Automobiles are self-propelled passenger vehicles that use an internal combustion engine to power a system of wheels and tires. They are one of the world’s most important inventions and have changed the way people live, travel, work, and socialize.
The modern automobile combines fuel efficiency and speed to offer the mobility and flexibility of use demanded by an enormous variety of lifestyles and industries. It has become the dominant vehicle of choice for most Americans and has had a major impact on American society, economy, and culture.
The first automobile was developed in 1885 by German engineer Karl Benz and was the product of his pioneering work on the design and construction of an internal combustion engine. He also patented several innovations that led to the development of automobiles as a viable transportation alternative.
During the late nineteenth century, a number of companies began to manufacture cars. During the early twentieth century, automobile manufacturing grew rapidly and became a substantial part of the American economy.
As the automobile industry expanded, it absorbed many related industries and technologies. The earliest automobiles used horse-drawn carriage bodies and wheels, but by 1900 most automobiles had been produced in factories using mass production techniques that had been applied in other industrial fields.
By 1910, the automobile had surpassed the wagon and carriage industry as the most important economic factor in America. Manufacturers responded to the burgeoning market for automobiles by expanding their businesses and introducing new models. The resulting increase in demand resulted in a dramatic growth in the number of manufacturers and in the quantity of vehicles manufactured, from about ten thousand in 1900 to 458,500 in 1910.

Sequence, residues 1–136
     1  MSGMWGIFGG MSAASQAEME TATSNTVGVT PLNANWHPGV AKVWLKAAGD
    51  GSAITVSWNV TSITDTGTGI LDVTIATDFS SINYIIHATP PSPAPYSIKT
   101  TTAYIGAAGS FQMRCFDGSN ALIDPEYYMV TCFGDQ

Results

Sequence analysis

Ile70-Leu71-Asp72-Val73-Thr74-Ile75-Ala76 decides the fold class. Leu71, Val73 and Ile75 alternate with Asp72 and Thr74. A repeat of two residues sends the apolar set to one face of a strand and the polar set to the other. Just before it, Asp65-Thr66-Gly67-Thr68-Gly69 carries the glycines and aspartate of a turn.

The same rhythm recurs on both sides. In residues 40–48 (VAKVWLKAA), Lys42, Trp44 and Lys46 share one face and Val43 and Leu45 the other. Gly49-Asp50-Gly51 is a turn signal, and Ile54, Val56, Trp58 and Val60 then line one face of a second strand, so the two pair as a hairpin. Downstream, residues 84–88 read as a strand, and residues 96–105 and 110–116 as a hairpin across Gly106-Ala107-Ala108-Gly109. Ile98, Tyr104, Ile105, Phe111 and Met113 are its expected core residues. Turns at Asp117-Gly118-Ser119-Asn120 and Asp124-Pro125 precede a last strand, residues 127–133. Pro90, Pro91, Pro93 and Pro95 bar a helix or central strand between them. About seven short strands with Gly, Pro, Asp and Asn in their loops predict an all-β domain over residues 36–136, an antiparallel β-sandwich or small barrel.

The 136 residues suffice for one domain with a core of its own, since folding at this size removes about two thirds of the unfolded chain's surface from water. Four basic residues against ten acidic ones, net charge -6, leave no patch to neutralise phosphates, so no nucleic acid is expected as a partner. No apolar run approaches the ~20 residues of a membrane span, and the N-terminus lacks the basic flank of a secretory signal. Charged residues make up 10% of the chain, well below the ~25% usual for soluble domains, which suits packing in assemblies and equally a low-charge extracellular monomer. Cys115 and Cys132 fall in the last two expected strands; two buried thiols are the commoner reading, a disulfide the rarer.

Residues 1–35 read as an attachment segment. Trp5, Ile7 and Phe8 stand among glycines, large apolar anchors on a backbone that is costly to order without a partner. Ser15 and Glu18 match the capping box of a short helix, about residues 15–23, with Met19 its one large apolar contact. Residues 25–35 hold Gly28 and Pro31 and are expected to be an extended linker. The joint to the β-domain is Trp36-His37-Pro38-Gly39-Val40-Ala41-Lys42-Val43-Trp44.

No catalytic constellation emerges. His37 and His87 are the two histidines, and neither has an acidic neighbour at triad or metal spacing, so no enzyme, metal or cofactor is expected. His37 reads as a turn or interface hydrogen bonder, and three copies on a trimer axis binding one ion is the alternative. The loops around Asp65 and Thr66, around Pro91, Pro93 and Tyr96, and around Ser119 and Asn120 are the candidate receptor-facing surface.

The development of an automobile’s design is a complex process that requires consideration of many factors and trade-offs between different features and technologies. The various components of an automobile, such as the frame, body, wheels, suspension, steering, braking, and other systems, are all designed to operate together.
While there have been many improvements and technological developments since the early twentieth century, the basic elements of automobile design remain relatively unchanged. The basic skeletal structure, called the chassis, provides support for all of the wheels, suspension, steering, and braking systems.
A car’s frame is constructed of metal (often steel) or other materials, depending on the type of vehicle. Some of the frames used in automobile manufacturing are made of stainless steel, a material that is highly corrosion resistant. Other frames are made of aluminum, which is lighter than iron and can be formed into many shapes and sizes.
Traditionally, the car’s frame is bolted together and then riveted. But in recent years, welding has become an increasingly common technique for making automobiles. This method of joining the frame together allows for more precise and secure connections, which reduces the chance of a failure.
Other advances in the automotive industry have centered on the use of petroleum-based products, including plastics and vinyls, as lightweight materials for automobile body parts. These lightweight materials can cut down on fuel consumption, which is a major concern for consumers these days. Some cars are now capable of traveling hundreds of miles on a tank of gas. These lighter cars can also be more maneuverable than heavier cars on the road.